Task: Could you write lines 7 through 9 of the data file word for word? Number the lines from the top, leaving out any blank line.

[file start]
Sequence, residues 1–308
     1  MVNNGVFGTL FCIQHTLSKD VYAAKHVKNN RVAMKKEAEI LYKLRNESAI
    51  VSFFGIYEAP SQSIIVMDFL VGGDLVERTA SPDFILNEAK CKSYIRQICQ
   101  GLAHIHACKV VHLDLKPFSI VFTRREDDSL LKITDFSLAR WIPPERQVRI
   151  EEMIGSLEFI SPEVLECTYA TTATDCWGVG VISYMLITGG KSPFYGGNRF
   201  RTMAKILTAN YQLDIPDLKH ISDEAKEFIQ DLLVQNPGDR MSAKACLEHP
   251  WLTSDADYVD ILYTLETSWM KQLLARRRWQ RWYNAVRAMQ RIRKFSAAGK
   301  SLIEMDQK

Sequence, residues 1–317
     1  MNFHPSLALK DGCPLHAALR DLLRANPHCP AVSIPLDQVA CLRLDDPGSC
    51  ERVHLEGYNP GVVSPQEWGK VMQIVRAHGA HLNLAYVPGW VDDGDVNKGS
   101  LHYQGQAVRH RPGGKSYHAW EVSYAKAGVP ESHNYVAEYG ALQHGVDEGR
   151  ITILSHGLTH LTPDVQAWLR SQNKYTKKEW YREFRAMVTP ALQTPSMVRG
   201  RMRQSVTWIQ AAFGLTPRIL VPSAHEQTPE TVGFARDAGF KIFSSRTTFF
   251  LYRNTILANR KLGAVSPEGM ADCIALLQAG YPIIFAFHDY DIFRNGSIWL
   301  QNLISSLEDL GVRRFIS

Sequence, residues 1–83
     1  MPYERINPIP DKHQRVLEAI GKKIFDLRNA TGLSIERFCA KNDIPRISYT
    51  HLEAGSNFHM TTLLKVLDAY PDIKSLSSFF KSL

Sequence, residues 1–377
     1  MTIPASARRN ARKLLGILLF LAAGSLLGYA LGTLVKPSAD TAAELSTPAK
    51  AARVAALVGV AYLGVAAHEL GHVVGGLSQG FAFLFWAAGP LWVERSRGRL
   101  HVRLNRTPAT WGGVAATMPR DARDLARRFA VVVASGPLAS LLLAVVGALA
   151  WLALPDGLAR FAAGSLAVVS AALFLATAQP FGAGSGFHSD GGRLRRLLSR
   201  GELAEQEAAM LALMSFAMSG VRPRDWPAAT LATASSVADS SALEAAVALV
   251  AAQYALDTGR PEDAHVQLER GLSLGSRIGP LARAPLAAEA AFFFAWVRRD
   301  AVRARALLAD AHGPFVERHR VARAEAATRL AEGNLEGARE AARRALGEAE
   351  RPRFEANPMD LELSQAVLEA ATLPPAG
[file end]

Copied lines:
   251  WLTSDADYVD ILYTLETSWM KQLLARRRWQ RWYNAVRAMQ RIRKFSAAGK
   301  SLIEMDQK

Sequence, residues 1–317